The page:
Best Cities to Visit in Canada

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  • Canada is the second largest country in the world
  • It is home to incredible landscapes and lively cities, offering something for everyone
  • Canada is rated highly in a number of factors, including quality of life and safety
  • Canada is home to the province of Quebec, unique in that it is the only location in North America with French as a native language

From coast to coast, Canada is a beautiful country with diverse landscapes and beautiful cities. Whether you’re a Canadian resident or a visitor from abroad, there’s plenty to do and see. Canada is the second-largest country in the world, geographically, and according to U.S. News and World Report’s 2021 Best Countries Report, it’s the best country in the world based on a variety of factors, including quality of life for its citizens, safety and social purpose.

Whether you’re chasing epic ocean views, planning a family ski trip or looking to spend a wild weekend in the city, there’s a place in Canada for your next big vacation. Keep reading as we count down the top 12 best cities to visit in Canada.

12. Saskatoon, Saskatchewan

Situated in the heart of Canada’s prairies, Saskatoon is located on the South Saskatchewan River. The city and its nearby areas are known for being a hub of agricultural activity, but the truth is, Saskatoon has so much more to see than just farmland.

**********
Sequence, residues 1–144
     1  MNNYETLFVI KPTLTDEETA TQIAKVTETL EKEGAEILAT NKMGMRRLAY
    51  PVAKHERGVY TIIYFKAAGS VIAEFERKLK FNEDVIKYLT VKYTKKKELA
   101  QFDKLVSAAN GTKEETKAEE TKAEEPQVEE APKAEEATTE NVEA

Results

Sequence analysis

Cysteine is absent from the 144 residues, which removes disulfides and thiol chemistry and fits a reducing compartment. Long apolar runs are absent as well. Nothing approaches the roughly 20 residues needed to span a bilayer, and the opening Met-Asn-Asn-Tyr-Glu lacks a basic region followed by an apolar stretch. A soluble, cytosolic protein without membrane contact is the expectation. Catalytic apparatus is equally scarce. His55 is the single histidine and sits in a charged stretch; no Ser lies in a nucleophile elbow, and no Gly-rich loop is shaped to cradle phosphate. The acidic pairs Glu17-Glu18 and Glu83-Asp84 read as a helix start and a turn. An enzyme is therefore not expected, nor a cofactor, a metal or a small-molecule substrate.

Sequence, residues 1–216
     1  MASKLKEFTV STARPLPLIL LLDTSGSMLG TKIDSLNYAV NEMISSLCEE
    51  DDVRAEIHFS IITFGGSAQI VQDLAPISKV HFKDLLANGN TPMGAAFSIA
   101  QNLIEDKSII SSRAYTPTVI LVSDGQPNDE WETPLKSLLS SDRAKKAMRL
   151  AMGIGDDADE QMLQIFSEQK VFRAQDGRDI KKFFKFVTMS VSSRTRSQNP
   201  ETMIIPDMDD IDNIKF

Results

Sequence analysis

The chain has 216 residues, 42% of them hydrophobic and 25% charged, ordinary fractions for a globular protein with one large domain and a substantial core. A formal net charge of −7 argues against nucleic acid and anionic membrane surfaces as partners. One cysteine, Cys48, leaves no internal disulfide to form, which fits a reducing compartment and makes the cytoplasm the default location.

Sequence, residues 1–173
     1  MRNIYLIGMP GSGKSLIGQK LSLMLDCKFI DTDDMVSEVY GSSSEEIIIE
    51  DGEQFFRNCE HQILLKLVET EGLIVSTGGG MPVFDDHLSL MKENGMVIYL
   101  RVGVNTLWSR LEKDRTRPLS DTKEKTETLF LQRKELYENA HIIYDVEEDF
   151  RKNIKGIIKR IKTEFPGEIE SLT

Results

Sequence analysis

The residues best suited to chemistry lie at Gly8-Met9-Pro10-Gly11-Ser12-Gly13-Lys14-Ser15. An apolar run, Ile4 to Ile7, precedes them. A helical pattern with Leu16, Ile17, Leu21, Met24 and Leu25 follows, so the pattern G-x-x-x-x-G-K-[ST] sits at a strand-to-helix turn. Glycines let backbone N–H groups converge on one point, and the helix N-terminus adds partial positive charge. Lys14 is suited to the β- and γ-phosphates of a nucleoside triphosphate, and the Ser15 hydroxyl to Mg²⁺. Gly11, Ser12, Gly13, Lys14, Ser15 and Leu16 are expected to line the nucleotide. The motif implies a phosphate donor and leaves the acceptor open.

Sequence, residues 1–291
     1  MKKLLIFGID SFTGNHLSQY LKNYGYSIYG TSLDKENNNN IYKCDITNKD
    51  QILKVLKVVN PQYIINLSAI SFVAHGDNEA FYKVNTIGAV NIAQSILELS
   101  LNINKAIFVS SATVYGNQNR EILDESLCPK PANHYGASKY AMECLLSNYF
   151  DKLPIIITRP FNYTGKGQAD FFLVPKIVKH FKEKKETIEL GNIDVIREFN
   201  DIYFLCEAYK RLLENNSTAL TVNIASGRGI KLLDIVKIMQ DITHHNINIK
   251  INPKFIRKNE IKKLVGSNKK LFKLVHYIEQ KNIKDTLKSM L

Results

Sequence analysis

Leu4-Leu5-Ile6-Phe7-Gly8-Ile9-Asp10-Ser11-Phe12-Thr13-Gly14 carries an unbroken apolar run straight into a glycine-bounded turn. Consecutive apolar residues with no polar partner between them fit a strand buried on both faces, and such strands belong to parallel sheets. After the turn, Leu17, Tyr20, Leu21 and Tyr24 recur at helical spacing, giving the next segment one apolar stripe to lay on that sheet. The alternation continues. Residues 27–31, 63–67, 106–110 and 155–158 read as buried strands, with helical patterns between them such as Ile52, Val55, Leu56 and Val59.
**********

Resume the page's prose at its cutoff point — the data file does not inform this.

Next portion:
If you’re lucky enough to spend summer in Canada’s prairies, you can take advantage of the full range of activities a vacation to Saskatoon has to offer. That includes picking flowers or Saskatoon Berries at one of the city’s nearby farms, shopping at the Farmer’s Market in Riversdale or even venturing a short distance outside the city to spend a weekend camping on Lake Diefenbaker near Elbow, Saskatchewan. If you’re in Saskatoon outside of the summer months, there’s still plenty you can do to stay entertained. Take a tour of Remai Modern Art Museum, explore the street murals that decorate the city or head to the Western Development Museum to immerse yourself in Saskatchewan’s history. 

Shutterstock/EB Adventure Photography

11. Winnipeg, Manitoba

With a population of just over 700,000, Winnipeg is a small Canadian city with a lot to offer. It’s home to some incredible attractions, including The Forks, an indoor/outdoor market that features shops, restaurants, a farmer’s market and incredible views of the Red and Assiniboine Rivers. 

Winnipeg is a great destination for those looking to immerse themselves in Canadian culture. It’s home to more than 40 museums, including natural history and science museums, art galleries and historic buildings. For those visiting Winnipeg in the autumn, Culture Days, which runs in September and October each year, features a variety of free, engaging activities and events for visitors of all ages. 

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10. Ottawa, Ontario

Ottawa is Canada’s capital city and home to the country’s parliament buildings. It also features a variety of great activities for those with a sense of adventure, regardless of the time of year you choose to visit. 

In the winter, Ottawa features opportunities for skiing and skating, while the Britannia Winter Trail provides residents and visitors with a safe place for urban hikes, cross-country skiing, winter piking and even snowshoeing. In the summer you can spend your days bungee jumping, rafting on the Ottawa River or unwinding at the city’s Nordik Spa Nature, which features an outdoor hot spring as well as saunas, swimming pools and spa treatments.